Congolese opposition leader Etienne Tshisekedi headed Tuesday to Belgium for medical treatment — just as his party is trying to negotiate a power-sharing deal following President Laurent Kabila’s refusal to step down.
The 84-year-old head of the Union for Democracy and Social Progress (UDPS), a historic heavyweight in DR Congo’s opposition movement, took off from Kinshasa’s airport aboard a private plane at 6:00am (0500 GMT), an AFP journalist reported.
The departure of the frail leader could complicate negotiations over the timetable for a New Year’s Eve deal under which Kabila will stay in office before new elections are held in late 2017.
The country’s influential Catholic bishops brokered the deal in a bid to prevent more bloodshed in a crisis that has already claimed dozens of lives in the chronically unstable nation.
The UDPS, saying it wanted to put an end to “rumours”, published a statement overnight saying its leader would be leaving for Brussels on Tuesday on a trip that had been “postponed several times because of the political situation in the country”, without specifying the reason for his departure.
'He’s not dying'
But a source close to the Tshisekedi family said he was going to Belgium for medical tests. “He’s not dying, but he has to go for a test in Brussels,” the source said.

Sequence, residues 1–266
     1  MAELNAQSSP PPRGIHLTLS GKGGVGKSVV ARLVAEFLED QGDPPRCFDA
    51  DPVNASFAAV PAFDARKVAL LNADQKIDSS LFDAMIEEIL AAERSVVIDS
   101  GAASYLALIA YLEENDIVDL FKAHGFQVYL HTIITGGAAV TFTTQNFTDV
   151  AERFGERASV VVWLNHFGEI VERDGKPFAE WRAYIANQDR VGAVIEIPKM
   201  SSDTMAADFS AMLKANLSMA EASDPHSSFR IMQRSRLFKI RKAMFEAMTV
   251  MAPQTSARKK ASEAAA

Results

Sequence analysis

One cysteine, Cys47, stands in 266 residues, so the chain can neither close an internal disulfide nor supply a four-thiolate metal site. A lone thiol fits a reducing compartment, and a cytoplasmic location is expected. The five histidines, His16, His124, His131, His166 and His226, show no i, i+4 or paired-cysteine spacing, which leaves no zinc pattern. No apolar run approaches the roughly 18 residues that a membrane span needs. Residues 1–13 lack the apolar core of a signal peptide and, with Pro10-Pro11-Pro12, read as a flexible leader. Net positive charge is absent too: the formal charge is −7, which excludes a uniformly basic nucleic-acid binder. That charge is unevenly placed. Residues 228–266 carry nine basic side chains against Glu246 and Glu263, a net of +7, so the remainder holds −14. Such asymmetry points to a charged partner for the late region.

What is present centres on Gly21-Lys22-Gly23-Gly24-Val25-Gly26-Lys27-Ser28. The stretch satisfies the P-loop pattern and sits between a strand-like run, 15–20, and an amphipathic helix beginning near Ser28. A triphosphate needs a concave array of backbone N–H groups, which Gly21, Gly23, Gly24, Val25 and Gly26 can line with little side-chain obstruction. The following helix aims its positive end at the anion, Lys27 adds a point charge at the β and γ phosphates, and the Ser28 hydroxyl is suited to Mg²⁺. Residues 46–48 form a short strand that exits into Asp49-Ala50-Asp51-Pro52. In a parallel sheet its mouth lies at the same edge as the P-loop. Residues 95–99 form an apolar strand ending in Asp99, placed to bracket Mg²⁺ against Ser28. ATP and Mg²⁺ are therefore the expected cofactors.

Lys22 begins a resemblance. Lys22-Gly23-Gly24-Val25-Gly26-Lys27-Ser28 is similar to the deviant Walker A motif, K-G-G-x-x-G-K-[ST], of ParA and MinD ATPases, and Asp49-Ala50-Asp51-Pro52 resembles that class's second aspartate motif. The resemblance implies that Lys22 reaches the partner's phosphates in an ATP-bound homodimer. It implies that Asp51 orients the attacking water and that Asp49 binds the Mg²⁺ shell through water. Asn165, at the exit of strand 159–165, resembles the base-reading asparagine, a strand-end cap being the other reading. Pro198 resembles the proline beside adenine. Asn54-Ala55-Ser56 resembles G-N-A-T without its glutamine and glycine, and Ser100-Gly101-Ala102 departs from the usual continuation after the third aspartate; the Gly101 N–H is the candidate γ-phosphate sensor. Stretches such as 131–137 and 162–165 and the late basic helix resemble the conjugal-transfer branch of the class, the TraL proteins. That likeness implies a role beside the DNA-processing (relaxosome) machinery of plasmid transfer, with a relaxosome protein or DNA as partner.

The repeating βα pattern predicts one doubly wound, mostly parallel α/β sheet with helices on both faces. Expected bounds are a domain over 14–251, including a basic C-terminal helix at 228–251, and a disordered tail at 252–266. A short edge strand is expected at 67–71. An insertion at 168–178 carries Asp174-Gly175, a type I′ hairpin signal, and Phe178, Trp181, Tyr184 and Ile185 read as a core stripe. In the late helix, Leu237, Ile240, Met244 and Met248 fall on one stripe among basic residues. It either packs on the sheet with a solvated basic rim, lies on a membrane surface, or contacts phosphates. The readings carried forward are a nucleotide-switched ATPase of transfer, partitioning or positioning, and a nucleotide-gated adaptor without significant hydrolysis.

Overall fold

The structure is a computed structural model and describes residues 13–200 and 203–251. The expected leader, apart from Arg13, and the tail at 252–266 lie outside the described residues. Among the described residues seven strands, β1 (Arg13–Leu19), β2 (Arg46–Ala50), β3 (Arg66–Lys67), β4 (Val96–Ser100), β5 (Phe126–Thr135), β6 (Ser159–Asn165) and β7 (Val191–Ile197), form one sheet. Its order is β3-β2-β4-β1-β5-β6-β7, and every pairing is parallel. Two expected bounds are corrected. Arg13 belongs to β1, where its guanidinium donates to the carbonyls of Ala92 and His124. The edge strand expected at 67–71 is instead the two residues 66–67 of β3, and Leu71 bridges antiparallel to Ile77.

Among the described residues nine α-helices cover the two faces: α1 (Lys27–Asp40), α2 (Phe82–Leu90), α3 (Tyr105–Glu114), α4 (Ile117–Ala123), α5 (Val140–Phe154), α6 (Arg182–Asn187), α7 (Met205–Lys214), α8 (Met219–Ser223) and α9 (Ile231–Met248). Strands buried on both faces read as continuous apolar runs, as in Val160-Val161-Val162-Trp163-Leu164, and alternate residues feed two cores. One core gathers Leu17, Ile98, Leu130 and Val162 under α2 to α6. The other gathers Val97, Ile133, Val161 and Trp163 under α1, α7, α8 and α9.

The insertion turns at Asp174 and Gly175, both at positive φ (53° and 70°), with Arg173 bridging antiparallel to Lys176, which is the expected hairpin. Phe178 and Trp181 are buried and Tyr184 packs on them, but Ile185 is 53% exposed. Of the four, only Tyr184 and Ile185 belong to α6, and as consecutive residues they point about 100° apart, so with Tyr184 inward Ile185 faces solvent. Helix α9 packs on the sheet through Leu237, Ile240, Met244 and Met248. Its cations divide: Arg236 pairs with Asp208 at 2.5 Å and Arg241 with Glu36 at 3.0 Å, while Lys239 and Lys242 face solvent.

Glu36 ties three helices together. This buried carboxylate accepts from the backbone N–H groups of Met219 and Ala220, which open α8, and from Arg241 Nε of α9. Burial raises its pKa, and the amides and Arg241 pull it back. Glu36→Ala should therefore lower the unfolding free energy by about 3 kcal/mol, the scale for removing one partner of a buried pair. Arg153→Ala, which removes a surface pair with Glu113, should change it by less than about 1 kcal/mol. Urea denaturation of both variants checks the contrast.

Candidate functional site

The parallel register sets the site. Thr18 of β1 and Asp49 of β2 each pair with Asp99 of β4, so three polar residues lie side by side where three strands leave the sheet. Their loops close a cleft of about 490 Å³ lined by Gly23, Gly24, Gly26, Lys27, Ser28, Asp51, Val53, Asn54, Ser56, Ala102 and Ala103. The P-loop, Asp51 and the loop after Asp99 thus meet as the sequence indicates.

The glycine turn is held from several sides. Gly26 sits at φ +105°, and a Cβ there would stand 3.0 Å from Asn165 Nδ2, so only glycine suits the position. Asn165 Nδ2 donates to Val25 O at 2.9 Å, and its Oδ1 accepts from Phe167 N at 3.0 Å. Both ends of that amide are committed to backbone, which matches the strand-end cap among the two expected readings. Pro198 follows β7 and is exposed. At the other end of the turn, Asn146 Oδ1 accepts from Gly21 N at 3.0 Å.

A senior UDPS official expressed greater concern over the health of “the Old Man”, as Tshisekedi is affectionately known among his political allies, saying the opposition leader’s health had rapidly deteriorated.
“This could be a one-way trip, we can’t rule that out,” the party official said on condition of anonymity.
The UDPS statement said Tshisekedi would be returning to Congo as soon as possible to “take up his historic responsibilities”.
Tshisekedi had made a triumphant return in July after two years of medical treatment in former colonial power Belgium, with hundreds of thousands of people taking to the streets to welcome him home.
Kabila, who has been in power since 2001, was due to step down on December 20 at the end of his second and final mandate, but has shown no signs of wanting to leave office.
Tshisekedi is supposed to head a transitional body that will be set up until the elections due at the end of the year, with a prime minister to be named from opposition ranks.
He had unsuccessfully fought the 2011 presidential election against Kabila, a vote which the opposition alleged was marked by massive fraud.